Biden’s Executive Order Will Improve Social Security’s Online Services. Check Out Some Expected Changes.

“For millions of people who retire each year, you should be able to apply for Social Security benefits without needing to go to a Social Security office,”

This was what President Biden said this week when he signed an executive order to streamline processes involved in applying for social security services and benefits. Social Security, is a social insurance program consisting of retirement, disability, and survivor benefits.

The Pandemic has prompted government agencies to move their services online to ensure easy access to beneficiaries. Other services are also slated to be improved through online tools like filing taxes, helping Medicare enrollments, access personalized information, expanded customer support.

Some Challenges at the Agency

The Office of the Inspector General said in a recent annual report “The transition has affected the federal agency’s services, with some offices facing a significant backlog of traditional mail, the government agency does not know the exact volume of mail it is processing, which makes it difficult to properly adjust staffing levels”

“Because of this backlog, people went even longer without original documents that they might need for other purposes,” said Dan Adcock, director of government relations and policy at the National Committee to Preserve Social Security and Medicare.

It is reported that the offices also lack “comprehensive policies and procedures” to track and return original documents that are provided with applications for benefits or Social Security cards. That includes driver’s licenses, birth certificates, passports, and naturalization documents.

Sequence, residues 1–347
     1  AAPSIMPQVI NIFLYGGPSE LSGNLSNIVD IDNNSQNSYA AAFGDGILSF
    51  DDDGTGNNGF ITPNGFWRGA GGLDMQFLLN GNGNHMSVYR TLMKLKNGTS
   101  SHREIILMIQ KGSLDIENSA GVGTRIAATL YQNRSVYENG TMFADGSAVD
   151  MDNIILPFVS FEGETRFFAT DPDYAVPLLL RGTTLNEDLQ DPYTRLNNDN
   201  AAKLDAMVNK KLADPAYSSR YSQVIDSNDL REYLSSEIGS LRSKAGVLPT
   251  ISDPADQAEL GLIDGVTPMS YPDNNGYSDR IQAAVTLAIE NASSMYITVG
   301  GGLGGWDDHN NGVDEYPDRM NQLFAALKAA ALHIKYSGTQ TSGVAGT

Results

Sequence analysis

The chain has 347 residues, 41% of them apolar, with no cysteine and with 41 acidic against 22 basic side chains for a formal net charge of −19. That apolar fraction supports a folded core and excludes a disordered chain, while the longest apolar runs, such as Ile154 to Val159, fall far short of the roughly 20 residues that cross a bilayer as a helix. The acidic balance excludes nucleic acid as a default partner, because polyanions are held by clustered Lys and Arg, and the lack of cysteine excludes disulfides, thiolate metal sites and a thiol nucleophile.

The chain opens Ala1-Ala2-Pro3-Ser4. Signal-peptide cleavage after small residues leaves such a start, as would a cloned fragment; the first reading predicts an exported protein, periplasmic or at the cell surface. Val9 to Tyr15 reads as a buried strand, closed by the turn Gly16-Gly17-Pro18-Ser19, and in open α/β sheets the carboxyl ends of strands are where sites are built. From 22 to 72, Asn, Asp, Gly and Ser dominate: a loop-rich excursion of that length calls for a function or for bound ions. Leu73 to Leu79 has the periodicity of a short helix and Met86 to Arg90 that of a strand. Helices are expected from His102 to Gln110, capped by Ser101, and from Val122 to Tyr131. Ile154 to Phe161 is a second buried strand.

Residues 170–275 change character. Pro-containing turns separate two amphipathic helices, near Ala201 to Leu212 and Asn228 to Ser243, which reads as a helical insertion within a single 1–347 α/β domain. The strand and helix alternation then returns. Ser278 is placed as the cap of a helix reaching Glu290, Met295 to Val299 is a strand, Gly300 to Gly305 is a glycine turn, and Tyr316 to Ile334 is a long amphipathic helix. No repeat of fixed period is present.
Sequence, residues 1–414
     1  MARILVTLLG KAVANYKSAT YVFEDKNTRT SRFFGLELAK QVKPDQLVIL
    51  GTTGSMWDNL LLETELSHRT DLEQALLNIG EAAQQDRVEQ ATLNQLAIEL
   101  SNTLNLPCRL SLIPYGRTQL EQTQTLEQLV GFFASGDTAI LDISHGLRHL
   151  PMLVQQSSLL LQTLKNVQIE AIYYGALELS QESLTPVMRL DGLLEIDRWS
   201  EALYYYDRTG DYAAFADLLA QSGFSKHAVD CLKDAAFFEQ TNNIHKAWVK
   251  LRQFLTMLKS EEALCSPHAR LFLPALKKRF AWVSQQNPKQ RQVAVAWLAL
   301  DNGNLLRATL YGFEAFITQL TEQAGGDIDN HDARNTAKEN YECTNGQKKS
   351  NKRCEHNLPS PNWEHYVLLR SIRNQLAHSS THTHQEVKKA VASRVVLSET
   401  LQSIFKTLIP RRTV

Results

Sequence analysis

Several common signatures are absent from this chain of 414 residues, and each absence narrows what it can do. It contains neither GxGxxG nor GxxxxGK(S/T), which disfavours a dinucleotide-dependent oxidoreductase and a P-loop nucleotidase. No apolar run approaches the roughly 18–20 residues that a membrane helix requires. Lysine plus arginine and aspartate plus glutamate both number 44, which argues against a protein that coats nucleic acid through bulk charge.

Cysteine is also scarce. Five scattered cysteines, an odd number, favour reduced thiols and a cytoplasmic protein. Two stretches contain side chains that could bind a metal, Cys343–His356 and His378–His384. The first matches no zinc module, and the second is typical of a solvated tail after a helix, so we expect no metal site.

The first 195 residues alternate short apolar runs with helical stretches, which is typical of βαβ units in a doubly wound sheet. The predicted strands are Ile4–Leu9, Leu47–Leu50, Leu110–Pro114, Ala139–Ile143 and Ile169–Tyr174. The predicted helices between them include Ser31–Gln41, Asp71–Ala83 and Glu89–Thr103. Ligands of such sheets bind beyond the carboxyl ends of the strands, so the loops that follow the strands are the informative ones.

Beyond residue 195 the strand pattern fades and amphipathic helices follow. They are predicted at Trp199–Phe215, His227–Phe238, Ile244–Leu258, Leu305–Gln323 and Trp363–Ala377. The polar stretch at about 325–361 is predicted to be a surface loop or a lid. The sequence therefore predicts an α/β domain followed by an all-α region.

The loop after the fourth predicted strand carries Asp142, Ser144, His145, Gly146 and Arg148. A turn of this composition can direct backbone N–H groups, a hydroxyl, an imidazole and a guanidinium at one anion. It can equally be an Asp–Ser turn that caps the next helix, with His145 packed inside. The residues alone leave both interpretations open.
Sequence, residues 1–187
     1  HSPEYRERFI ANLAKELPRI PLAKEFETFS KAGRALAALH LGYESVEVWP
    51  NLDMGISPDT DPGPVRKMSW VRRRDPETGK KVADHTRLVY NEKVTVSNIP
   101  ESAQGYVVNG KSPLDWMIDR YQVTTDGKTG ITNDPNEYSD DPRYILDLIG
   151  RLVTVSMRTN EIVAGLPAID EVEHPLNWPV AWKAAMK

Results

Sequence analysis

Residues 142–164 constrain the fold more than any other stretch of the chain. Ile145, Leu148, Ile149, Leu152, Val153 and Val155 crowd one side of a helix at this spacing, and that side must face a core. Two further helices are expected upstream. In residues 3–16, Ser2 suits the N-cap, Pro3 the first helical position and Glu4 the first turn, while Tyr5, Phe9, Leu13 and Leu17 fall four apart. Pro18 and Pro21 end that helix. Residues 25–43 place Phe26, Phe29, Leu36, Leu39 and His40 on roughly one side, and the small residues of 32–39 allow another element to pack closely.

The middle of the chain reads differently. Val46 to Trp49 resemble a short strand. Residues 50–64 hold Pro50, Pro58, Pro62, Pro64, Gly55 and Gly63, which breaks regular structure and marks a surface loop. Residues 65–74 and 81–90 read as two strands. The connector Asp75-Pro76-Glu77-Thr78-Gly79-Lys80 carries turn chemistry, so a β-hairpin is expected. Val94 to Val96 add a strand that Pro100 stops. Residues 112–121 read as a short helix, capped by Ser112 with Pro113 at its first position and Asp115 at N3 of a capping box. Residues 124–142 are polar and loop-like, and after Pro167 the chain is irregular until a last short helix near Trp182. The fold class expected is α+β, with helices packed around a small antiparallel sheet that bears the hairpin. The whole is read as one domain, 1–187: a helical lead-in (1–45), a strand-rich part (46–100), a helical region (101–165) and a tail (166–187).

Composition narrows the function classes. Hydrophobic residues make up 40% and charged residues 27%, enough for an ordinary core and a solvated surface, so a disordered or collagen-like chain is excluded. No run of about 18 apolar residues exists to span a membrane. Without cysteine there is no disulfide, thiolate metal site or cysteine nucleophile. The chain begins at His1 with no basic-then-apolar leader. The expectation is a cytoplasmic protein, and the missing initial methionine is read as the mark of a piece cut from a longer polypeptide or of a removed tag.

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Benefits of the Executive Order.

It is expected that with the executive order, applicants and beneficiaries will be able to upload their forms and documents online, use electronic signatures, the SSA agency will be able to share data with other government agencies, the agency will also be able to help beneficiaries identify opportunities.

Dan Adcock, director of government relations and policy at the National Committee to Preserve Social Security and Medicare made some elaborations to the executive order by President Biden.

The executive order requires the Social Security commissioner to provide a report to the Office of Management and Budget within 120 days identifying potential areas for policy reforms.

“These efforts is all about removing obstacles that prevent people from getting their earned benefits,” he said.

“Field offices are still a critical link for people who either don’t have online access or the skills to go online and use a computer,” Adcock said.

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